OAKLAND --The trade deadline is less than three weeks away, and history suggests the A's will try shipping some of their best veterans out of town.
Yet they have good reason to ditch that familiar script this year. At 43-43, the A's sport their best record entering the second half since they were 51-44 in 2008. They are 2 ? games behind Baltimore for the second wild card spot.
After trading away three All-Star pitchers last winter with an eye toward the future, who would have thought this team might be worth improving for the present? But the A's are positioned to at least entertain the idea of being buyers as the July 31 trade deadline approaches.
"I don't think if something is within your grasp, you ignore it," A's general manager Billy Beane said. "When we made these trades, we made them with the (emphasis on) the long-term future. But if the future is now, you'd be a fool not to make that attempt."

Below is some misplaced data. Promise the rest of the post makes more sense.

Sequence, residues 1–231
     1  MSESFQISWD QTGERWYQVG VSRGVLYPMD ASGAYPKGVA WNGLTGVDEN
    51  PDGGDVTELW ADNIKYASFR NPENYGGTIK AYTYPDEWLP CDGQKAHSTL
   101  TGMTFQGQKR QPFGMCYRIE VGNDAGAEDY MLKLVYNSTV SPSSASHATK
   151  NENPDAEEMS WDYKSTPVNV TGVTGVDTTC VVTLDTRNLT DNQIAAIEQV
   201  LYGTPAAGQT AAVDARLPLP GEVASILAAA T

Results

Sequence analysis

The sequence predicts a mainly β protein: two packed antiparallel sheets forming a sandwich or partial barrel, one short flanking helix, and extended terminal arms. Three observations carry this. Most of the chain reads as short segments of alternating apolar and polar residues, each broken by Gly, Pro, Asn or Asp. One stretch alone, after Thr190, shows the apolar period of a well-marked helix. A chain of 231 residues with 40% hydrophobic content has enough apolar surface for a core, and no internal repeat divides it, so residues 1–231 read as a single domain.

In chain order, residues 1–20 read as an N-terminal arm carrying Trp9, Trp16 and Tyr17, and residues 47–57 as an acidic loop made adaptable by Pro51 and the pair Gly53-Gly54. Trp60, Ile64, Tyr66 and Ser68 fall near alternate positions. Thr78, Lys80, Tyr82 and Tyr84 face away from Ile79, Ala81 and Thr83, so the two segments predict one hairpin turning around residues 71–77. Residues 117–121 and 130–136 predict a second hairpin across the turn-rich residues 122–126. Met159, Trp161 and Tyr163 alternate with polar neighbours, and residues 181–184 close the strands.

The A's face an uphill battle to make the postseason for the first time since 2006. They currently have five teams to pass — Tampa Bay (45-41), Cleveland (44-41), Detroit (44-42), Boston (43-43) and Toronto (43-43) — to catch the Orioles, who are 45-40.
They're also nine games behind Texas in the American League West race.
There's no doubt the A's have deficiencies. Their .225 team batting average at the All-Star break was the lowest in franchise history. They rank last in the A.L. in runs (319).
But the A's also show the grit of a team that won't fold. After staggering through a nine-game losing streak at the end of May, they rebounded and are 21-13 since.
As right-hander Brandon McCarthy put it, "we have a team that is young enough and dumb enough" to stay in contention.
Indeed, several young players have emerged sooner than expected.